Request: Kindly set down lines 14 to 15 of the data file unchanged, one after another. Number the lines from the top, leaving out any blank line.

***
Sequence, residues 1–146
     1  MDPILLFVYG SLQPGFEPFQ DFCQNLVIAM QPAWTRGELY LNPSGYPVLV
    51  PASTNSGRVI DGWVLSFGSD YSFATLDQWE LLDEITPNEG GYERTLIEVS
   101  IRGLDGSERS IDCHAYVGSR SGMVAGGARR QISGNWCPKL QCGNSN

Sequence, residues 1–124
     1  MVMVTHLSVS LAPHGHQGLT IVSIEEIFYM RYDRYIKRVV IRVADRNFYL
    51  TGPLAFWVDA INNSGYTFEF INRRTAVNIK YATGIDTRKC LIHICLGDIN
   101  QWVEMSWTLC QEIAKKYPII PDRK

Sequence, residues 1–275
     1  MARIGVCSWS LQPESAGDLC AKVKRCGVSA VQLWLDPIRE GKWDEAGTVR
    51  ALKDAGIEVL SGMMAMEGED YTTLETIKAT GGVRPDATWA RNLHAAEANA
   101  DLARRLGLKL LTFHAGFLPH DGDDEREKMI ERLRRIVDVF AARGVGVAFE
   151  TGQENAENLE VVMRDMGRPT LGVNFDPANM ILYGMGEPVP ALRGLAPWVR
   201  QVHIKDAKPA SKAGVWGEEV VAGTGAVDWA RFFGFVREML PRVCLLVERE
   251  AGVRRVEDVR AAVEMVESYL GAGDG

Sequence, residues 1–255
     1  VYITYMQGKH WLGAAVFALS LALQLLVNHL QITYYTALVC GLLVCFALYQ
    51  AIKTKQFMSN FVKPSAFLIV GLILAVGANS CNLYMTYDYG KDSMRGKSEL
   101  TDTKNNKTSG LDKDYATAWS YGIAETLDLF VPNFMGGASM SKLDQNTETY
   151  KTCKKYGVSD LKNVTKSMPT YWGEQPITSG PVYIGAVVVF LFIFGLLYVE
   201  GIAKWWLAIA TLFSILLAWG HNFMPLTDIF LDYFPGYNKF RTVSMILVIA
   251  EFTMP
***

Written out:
   201  QVHIKDAKPA SKAGVWGEEV VAGTGAVDWA RFFGFVREML PRVCLLVERE
   251  AGVRRVEDVR AAVEMVESYL GAGDG